12/17/2009 12:00AM

For many 2-year-old stars, it all started here


Every year beginning in January, the racing spotlight is cast on Gulfstream Park, the premier track in Florida, which consistently offers some of the best winter racing in the country.

Yet Florida racing deserves more than just seasonal attention. Calder Race Course, which runs from late April until the start of Gulfstream, has become a hot spot for up-and-coming 2-year-olds in recent years, as evidenced by the results of horses who raced there this year.

In 2009, at least four of the elite juveniles in the country started at Calder, led by Jackson Bend, who swept the Florida Stallion Series. D' Funnybone, Homeboykris, and Blind Luck won graded stakes in other states after starting their careers with maiden wins at Calder.

While those Florida victories might have been missed by some horseplayers, they weren't by bloodstock agents and buyers. All four juveniles were bought privately in 2009, either in full or in part. Most recently, majority interest in Jackson Bend was sold by Jacks or Better Farm in late October to owner Robert LaPenta, and Jackson Bend is now with Hall of Fame trainer Nick Zito.

On the strength of a 5-for-6 year, capped by a 2 3/4-length triumph in the In Reality Stakes in which he earned a 100 Beyer Speed Figure, Jackson Bend is considered one of the early favorites for next year's Kentucky Derby.

Although 2009 was a notable year for juveniles in South Florida, the success of horses from there is nothing new. Last year, Vineyard Haven won stylishly at Calder in his debut before being bought privately by Louis Lazzinnaro, Diamond Pride LLC, and the late Bobby Frankel.

After Vineyard Haven won the Grade 1 Hopeful and Champagne later under Frankel's training, Godolphin Racing purchased him, and he went on to win this year's Grade 1 De Francis Dash as a 3-year-old for trainer Saeed bin Suroor.

Jack Brothers, a partner in Hidden Brook Farm and a bloodstock agent that closely monitors Florida racing, calls the state "juvenile country."

Brothers said Calder has developed into a "proving ground for young horses over the years" because of how the track caters its racing schedule around 2-year-olds. Its close proximity to Ocala, Fla., a major breeding center, adds to the competition, he said, along with major 2-year-olds-in-training sales at OBS and Fasig-Tipton in Florida.

The presence of the sales have led to "a migration away" from wintering and preparing horses in locations such as Aiken, S.C., Brothers said.

When horses go unsold in these sales, some will be raced at Calder as an alternative.

"At Calder, the money is no good, but it's a steppingstone for selling horses," said Juvenal Diaz, who owns and operates Omega Farm in Ocala, Fla.

Diaz did just that this year with Blind Luck, whom he sent to Calder to race after she failed to meet her reserve when bidding stalled on her for $10,000 at OBS in April.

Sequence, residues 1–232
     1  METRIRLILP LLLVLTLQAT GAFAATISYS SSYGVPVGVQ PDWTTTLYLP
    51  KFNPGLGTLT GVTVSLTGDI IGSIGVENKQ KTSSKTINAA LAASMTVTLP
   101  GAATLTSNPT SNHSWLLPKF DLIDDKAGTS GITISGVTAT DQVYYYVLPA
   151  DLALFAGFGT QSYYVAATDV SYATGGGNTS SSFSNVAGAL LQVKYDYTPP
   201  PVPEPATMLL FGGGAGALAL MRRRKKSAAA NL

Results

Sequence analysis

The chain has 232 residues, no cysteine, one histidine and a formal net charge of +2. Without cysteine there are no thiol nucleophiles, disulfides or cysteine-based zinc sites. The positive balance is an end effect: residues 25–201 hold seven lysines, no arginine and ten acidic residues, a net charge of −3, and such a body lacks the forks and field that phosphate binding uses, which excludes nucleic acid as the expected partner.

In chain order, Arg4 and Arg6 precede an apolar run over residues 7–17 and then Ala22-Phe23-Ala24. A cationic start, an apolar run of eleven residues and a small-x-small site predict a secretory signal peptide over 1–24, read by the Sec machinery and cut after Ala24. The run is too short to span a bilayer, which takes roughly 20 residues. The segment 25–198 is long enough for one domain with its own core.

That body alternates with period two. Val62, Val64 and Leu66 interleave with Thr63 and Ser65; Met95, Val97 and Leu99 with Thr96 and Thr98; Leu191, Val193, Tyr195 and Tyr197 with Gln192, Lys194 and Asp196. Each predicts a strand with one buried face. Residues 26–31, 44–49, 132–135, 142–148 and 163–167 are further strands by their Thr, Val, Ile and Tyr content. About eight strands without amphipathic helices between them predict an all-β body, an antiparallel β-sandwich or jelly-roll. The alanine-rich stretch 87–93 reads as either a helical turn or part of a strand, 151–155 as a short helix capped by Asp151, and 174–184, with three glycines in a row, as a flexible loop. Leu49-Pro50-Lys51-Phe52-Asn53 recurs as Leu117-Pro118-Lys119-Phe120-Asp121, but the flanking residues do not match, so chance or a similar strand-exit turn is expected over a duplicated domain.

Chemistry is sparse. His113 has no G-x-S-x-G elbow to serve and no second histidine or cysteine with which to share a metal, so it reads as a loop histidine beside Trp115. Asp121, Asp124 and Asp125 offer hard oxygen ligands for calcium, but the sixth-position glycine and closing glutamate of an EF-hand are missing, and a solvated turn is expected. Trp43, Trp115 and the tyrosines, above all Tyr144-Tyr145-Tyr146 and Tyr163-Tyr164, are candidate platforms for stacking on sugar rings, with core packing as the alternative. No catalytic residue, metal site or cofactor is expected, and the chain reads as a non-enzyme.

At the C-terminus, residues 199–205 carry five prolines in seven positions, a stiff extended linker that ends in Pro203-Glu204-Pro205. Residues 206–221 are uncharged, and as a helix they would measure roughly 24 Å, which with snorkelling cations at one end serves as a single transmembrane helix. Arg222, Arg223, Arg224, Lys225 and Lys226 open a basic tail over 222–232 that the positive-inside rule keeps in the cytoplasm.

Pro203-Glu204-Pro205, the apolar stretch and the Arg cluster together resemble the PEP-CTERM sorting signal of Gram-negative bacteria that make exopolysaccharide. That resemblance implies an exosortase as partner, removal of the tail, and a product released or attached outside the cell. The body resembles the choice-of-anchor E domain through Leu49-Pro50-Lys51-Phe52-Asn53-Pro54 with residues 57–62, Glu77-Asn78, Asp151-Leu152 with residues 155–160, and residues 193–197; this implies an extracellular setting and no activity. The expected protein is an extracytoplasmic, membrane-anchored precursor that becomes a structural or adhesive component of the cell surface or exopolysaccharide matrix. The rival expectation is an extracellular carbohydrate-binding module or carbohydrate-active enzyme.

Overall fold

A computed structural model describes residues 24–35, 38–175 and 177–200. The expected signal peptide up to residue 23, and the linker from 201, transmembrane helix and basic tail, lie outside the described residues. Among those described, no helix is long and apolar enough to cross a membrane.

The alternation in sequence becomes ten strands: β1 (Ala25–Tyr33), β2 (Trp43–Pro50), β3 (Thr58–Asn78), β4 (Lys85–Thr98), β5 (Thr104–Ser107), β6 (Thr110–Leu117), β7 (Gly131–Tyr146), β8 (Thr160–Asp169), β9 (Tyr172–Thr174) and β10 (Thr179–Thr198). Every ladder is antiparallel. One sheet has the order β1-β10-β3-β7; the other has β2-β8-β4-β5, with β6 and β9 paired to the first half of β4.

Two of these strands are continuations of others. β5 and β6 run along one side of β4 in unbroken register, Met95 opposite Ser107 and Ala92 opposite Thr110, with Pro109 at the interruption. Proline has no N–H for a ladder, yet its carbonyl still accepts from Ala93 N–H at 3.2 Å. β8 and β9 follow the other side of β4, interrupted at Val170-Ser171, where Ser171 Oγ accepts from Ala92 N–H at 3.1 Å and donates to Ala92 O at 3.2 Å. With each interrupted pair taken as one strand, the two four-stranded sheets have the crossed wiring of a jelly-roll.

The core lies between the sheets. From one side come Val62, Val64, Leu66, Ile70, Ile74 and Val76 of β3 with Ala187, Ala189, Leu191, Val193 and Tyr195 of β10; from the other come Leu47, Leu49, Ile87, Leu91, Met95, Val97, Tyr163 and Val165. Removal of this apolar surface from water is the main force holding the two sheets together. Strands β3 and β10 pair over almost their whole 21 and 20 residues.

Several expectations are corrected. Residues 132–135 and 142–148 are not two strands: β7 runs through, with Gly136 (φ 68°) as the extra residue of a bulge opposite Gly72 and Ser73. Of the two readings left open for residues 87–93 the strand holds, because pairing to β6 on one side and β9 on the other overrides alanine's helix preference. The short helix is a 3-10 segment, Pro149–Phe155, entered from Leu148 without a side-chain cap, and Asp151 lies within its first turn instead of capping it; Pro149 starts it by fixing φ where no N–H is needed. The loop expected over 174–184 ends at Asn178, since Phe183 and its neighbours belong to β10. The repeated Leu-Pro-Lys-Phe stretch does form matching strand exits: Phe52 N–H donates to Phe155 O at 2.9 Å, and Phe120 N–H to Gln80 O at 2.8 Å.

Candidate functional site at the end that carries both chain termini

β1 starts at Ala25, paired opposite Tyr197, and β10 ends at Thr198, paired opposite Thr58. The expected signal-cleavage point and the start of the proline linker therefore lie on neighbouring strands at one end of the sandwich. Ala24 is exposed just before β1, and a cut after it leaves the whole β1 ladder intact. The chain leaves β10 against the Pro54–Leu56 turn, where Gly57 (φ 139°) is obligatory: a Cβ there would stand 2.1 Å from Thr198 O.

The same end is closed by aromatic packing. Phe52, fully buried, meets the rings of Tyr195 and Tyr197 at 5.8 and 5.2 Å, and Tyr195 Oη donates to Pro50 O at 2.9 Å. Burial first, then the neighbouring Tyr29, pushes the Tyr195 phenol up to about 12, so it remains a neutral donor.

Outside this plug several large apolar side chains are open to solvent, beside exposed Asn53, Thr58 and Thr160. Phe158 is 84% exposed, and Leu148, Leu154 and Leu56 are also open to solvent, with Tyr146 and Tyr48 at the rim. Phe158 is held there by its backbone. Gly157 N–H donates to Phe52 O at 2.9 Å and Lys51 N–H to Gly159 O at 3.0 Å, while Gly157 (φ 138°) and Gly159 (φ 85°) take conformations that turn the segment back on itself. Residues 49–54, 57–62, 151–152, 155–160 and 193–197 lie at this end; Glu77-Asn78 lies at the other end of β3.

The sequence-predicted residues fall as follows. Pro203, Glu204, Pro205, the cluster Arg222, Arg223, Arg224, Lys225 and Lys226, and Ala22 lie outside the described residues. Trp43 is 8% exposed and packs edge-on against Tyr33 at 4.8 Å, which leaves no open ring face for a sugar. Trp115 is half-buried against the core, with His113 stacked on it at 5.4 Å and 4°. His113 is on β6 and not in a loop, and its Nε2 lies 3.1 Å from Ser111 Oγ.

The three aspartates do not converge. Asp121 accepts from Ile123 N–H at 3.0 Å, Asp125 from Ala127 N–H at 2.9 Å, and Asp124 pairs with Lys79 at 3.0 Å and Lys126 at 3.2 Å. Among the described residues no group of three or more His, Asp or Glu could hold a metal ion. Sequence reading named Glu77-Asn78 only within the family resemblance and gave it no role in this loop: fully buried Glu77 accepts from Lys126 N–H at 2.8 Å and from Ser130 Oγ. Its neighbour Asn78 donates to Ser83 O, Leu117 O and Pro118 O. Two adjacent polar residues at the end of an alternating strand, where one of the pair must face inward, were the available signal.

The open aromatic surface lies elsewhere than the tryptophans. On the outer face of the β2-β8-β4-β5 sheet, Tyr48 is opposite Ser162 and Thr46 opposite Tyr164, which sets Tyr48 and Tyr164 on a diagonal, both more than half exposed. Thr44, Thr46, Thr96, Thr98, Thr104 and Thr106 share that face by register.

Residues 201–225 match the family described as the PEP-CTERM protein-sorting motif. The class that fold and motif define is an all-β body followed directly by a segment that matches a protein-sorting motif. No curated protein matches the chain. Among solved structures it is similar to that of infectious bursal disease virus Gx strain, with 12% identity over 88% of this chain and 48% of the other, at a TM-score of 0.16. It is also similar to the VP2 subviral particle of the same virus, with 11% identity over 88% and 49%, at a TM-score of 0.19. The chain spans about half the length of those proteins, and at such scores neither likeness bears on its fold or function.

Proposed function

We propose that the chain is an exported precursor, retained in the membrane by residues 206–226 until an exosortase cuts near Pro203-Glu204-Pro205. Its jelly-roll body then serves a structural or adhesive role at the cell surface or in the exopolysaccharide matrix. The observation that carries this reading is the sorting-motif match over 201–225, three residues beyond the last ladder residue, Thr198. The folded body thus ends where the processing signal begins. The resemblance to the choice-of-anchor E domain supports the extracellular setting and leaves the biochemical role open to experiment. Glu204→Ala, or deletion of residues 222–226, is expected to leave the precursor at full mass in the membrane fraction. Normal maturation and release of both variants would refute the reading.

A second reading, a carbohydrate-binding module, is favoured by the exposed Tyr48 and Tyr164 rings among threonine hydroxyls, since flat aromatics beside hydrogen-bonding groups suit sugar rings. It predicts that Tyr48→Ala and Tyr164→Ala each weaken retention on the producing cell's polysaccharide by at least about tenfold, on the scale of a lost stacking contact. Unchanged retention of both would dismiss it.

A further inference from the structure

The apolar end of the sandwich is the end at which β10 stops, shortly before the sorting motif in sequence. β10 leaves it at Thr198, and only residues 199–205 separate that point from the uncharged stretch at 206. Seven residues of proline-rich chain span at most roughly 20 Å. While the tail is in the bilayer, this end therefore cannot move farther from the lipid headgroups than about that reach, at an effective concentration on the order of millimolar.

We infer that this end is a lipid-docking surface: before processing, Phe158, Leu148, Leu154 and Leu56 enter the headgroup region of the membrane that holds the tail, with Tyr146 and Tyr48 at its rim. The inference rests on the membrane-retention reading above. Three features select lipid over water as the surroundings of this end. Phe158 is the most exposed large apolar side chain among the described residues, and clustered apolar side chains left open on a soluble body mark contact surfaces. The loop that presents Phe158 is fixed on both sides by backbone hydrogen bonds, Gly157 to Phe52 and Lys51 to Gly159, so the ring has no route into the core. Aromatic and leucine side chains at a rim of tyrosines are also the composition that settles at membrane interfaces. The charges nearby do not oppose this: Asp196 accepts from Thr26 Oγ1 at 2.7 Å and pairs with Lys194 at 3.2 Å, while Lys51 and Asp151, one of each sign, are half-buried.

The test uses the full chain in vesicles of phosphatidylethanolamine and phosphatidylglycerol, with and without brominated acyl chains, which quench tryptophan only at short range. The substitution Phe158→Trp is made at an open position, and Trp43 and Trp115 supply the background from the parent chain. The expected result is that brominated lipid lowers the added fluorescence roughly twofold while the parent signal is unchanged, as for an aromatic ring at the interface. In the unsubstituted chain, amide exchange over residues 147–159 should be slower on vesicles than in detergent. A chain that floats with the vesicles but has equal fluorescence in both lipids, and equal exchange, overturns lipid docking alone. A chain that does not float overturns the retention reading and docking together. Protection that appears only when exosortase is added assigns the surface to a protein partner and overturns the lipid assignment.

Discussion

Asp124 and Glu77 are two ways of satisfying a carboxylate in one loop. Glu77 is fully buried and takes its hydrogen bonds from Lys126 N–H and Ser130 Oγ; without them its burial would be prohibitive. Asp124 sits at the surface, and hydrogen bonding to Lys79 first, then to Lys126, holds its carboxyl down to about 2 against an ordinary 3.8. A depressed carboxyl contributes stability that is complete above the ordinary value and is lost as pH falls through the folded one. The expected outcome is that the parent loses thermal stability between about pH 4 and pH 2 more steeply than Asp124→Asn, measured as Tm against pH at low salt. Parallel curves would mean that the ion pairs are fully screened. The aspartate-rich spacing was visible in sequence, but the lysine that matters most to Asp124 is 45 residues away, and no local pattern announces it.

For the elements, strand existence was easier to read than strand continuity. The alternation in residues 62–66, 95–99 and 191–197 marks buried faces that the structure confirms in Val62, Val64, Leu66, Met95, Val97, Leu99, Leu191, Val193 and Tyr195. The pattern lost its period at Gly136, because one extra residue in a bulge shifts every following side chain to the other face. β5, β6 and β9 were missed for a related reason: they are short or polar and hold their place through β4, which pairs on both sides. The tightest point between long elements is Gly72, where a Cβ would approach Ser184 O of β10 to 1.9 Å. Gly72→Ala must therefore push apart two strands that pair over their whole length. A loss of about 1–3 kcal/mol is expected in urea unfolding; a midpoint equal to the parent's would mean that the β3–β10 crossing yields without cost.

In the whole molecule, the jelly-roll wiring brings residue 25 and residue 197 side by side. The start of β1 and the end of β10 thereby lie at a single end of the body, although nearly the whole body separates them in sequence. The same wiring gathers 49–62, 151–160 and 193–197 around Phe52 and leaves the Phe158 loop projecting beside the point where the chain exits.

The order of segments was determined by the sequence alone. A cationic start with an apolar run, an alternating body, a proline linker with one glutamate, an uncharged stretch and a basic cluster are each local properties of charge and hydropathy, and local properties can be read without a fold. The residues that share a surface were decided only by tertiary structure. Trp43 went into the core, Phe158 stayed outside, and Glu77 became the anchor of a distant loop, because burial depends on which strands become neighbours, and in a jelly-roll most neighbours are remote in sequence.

Diaz felt Blind Luck had talent but wanted to make her as attractive as possible to buyers, so he and trainer James Hatchett put her in a maiden $40,000 race in her debut June 21. She won by 13 1/4 lengths. By starting her for this tag, Diaz knew she would become eligible to starter races, which are offered regularly in California and other states.

"It gives them a free race," he said.

The dominant win gained her notice, and Diaz sold her after the race to owners Mark Dedomenico, John Carver, and trainer Jerry Hollendorfer.

Sent west, she won a starter race - the "free race" Diaz mentioned - before running second in the Del Mar Debutante, first in the Oak Leaf, and third in the Breeders' Cup Juvenile Fillies.

Yet there's more to the success of Calder juveniles than the track simply having a lot of 2-year-olds. Calder has an attractive stakes program for 2-year-olds, which encourages owners to breed their horses in Florida and race there.

This year offered the richest year of racing ever for Florida-bred 2-year-olds, according to the Florida Thoroughbred Owners and Breeders' Association, with nearly $4 million available in statebred purses, led by a 20-race, $2.7 million stakes program.

Diaz said skilled horsemen in Florida and a deep, sandy track at Calder further aid young horses there. He called Calder "probably the best track in the country."

Diaz certainly has plenty of knowledge about different racetracks. According to Daily Racing Form statistics, as a jockey from 1976-2000, he rode in 20,318 races, winning 3,118 while competing everywhere from Fair Grounds to Hawthorne Race Course.

"People don't realize it, how good a track Calder is," he said. "Look how many times you'll see a 2-year-old with five, six, seven, eight, maybe nine starts before December. Where else do you see that?"